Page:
They walked up a long paved road until finally they came to a gate. It was still standing, miraculously, creaking as Bruce pushed it open. The mist hung heavy around them, clinging to the grass and the headstones, creating a rather eerie mood although the sun was climbing higher all the time, filling the world with light.
“I have to say you’re probably the first person to bring me to a cemetery on a date,” Tony commented.
Bruce smiled and wondered how the others hadn’t figured out his plan. Well, perhaps Steve had; the others hadn’t come here that often, far as Bruce knew. “Maybe it’s a good thing this isn’t a date, then.”
“It isn’t?” Tony didn’t sound angry or upset. He looked around, almost curious, as if trying to guess Bruce’s motivation. “Are we here so you can remind me of all the lives you’ve lost because of me? Of the horrible things I’ve done? That my mortal soul will never know peace?”
“Peace is overrated,” Bruce told him. “And you know exactly what you’ve done. Eventually it will bother you, but that’s not the point of our visit. I’m not going to guilt you into seeing things our way.”
“I’m here to try and explain what you’ve refused to hear so far.”
“How is that different from trying to guilt me into changing my mind?”
Bruce led the way, not answering. He knew the steps even if he had never entered the cemetery from this direction. He knew the spot, found the right path and followed it. When he stopped, Tony halted behind him, still looking around. The mist had finally yielded to the warmth in the air, dissipating somewhat. It made their surroundings look beautiful, in a way. Peaceful. No sign of destruction or the decimation of the human race.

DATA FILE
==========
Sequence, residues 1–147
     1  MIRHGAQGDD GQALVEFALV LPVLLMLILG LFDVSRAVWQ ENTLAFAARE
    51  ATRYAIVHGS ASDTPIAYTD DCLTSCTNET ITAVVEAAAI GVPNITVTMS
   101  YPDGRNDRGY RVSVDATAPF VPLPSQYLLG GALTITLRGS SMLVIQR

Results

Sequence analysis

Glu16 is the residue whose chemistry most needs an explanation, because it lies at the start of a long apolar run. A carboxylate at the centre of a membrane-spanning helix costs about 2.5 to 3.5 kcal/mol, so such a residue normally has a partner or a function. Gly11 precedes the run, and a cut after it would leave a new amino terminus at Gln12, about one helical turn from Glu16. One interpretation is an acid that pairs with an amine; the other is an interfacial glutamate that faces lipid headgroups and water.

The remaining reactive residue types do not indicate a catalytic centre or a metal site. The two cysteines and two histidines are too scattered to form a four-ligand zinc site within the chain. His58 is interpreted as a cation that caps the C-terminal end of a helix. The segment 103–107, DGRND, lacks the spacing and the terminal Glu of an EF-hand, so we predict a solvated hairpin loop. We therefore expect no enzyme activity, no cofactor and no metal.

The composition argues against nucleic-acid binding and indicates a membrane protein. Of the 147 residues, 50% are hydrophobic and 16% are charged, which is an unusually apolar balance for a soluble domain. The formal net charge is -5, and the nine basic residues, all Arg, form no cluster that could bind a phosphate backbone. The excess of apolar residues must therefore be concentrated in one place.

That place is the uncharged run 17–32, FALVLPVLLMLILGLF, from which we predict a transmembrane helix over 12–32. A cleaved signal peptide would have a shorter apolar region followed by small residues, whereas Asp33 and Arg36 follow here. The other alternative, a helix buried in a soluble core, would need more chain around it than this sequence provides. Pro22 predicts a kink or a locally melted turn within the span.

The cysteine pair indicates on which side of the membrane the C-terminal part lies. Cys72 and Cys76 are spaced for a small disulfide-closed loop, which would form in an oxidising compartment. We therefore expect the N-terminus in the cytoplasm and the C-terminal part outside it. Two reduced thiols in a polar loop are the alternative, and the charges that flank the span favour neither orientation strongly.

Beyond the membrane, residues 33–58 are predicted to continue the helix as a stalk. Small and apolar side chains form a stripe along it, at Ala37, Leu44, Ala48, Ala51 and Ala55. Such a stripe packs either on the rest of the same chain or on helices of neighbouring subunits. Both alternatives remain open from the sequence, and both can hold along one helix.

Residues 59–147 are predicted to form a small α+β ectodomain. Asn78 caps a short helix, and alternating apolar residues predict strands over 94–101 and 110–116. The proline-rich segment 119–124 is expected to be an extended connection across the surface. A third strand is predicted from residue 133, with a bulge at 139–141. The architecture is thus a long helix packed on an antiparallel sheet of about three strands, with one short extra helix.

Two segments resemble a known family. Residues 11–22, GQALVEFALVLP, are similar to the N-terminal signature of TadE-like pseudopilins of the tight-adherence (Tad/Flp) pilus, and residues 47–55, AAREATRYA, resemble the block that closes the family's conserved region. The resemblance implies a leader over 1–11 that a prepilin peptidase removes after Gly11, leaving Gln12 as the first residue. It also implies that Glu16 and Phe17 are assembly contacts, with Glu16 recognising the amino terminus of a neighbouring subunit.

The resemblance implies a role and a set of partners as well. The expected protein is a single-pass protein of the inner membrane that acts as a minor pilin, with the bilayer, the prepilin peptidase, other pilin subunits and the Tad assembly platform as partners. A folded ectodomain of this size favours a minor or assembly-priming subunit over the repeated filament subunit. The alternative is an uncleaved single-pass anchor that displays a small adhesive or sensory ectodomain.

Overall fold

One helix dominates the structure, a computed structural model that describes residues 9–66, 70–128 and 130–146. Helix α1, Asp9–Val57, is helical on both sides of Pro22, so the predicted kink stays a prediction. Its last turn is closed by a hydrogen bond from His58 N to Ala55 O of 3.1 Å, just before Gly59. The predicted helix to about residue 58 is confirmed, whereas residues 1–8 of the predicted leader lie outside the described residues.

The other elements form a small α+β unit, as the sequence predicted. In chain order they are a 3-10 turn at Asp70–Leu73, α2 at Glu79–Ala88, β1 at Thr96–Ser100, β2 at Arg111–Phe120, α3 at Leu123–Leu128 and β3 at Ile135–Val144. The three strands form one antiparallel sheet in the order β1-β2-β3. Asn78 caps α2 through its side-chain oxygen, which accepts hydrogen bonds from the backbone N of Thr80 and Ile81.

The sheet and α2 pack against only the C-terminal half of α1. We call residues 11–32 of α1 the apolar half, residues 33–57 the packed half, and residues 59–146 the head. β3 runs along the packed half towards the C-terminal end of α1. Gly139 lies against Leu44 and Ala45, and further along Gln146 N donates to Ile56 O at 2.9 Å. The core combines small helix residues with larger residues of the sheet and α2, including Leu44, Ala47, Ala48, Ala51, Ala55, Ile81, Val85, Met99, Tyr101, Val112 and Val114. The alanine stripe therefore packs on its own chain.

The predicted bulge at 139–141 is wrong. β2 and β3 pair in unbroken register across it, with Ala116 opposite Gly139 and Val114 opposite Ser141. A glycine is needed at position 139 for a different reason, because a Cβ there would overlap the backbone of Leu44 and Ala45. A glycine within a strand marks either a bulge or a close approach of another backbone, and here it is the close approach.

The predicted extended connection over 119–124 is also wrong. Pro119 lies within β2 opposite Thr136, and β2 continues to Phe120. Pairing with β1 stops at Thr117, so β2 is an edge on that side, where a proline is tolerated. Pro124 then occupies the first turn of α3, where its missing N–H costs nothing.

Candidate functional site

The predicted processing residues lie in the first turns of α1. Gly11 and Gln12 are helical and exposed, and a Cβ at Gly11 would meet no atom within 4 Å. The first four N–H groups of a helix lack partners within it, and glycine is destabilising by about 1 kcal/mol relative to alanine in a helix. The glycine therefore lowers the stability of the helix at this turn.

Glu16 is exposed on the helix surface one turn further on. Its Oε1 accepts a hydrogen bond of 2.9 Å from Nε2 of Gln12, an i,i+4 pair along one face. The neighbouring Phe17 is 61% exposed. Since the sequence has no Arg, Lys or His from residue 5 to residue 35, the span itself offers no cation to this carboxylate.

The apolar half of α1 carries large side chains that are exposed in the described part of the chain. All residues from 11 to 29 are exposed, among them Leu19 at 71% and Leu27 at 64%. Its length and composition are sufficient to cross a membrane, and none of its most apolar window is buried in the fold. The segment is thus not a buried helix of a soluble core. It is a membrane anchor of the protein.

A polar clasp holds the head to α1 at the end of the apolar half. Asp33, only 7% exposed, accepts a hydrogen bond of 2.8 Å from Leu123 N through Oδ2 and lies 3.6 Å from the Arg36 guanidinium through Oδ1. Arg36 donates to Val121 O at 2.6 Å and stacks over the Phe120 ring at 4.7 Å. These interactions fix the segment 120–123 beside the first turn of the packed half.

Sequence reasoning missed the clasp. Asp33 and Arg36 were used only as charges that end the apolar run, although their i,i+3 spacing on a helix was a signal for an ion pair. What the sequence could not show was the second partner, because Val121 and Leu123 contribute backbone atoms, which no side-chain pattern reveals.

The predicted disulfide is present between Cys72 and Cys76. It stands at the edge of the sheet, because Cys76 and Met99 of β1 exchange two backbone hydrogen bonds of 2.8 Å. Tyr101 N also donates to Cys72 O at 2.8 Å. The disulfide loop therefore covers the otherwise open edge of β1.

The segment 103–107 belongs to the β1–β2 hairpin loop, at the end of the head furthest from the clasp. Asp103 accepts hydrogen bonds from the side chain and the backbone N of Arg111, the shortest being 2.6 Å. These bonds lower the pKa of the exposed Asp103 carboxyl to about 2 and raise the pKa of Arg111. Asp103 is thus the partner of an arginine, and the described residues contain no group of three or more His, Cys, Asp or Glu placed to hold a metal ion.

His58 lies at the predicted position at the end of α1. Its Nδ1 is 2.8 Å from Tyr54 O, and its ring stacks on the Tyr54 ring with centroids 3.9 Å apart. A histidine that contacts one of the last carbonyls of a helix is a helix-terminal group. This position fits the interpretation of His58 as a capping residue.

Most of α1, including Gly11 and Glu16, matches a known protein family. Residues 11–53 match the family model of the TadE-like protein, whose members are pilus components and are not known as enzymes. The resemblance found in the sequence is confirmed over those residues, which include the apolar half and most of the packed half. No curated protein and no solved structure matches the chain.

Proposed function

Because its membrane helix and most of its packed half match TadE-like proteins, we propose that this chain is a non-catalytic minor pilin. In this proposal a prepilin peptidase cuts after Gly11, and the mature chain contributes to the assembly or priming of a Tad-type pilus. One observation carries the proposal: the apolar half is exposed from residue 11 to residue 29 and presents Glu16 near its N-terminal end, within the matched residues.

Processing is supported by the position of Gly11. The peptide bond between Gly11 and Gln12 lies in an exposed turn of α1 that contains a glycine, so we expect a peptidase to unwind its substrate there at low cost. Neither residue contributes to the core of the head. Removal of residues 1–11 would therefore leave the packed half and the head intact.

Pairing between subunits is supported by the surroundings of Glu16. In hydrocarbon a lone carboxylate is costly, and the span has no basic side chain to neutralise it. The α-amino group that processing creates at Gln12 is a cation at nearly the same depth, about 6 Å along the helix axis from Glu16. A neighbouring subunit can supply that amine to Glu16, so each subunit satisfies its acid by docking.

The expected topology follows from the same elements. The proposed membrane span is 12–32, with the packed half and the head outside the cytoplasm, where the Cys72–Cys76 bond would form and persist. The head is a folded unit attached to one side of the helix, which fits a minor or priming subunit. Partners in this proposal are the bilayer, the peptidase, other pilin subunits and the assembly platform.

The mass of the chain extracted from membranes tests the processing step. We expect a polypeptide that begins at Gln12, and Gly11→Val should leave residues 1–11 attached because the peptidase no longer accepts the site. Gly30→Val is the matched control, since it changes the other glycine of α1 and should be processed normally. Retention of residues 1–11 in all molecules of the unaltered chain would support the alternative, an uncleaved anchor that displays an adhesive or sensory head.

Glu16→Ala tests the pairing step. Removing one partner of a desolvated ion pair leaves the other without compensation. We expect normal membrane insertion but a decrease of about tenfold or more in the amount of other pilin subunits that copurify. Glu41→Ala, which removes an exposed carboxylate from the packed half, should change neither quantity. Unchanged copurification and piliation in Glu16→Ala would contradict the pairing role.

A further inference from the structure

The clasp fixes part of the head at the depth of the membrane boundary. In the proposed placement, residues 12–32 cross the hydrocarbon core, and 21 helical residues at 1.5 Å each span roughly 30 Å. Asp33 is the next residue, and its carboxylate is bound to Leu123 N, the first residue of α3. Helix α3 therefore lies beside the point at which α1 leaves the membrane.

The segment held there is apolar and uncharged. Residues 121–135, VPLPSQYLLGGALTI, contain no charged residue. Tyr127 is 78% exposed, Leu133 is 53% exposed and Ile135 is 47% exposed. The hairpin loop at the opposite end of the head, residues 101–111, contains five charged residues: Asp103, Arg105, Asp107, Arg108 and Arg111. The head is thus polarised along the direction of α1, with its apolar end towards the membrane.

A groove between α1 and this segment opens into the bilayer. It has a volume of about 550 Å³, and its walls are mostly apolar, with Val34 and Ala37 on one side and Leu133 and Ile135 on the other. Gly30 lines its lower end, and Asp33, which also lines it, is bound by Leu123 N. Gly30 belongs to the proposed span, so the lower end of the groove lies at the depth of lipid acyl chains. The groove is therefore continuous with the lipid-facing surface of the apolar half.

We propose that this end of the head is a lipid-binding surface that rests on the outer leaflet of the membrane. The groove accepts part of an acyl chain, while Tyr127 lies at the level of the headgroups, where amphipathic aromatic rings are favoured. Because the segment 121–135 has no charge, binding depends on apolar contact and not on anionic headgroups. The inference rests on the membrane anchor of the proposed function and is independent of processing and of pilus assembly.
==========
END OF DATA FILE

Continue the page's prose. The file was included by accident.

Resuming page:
Tony had finally clued in as to why they were here: he was staring at the headstone directly in front of Bruce – the one with his name on it. The flowers on the grave had withered away since anyone had last been here, which was a shame.
“We buried you,” Bruce said slowly. “Well, not you. It’s empty. Someone suggested we bury the last armor you used but it seemed… It didn’t feel right,” he finally decided on the easy answer. He remembered that day, in too much detail. When he tore his eyes from the stone, Tony was still looking at it.
“People mourned for you, Tony, up till the day the attacks started. We missed you afterwards, too, because we were always one step behind the enemy when you weren’t there.” The irony of it all, now that they knew why exactly they had been overpowered, could have made him laugh manically before the inevitable tears started. He held it back.
“Each year they held a big memorial in New York City, to remember the dead and the one man who made a difference in our hour of need. The entire world knew you died a hero, to save us all, and while the true recollection of the fight may have faded, that memorial made sure no one really forgot about it.
“I attended the memorial the first year but it didn’t feel right. None of those people knew you – none but a select few. I came here instead, before heading away again, and I’ve kept coming back every year since. I hated it that I couldn’t stay away, couldn’t fight it, but I never hated you for… I don’t know, calling me home.” He paused, trying to calculate what day it was. How close were they to that day? “Every year I would find that I wasn’t alone. Every single year Steve came, like clockwork, finding me here.”
Tony let out an angry breath but Bruce wasn’t going to let it go this time.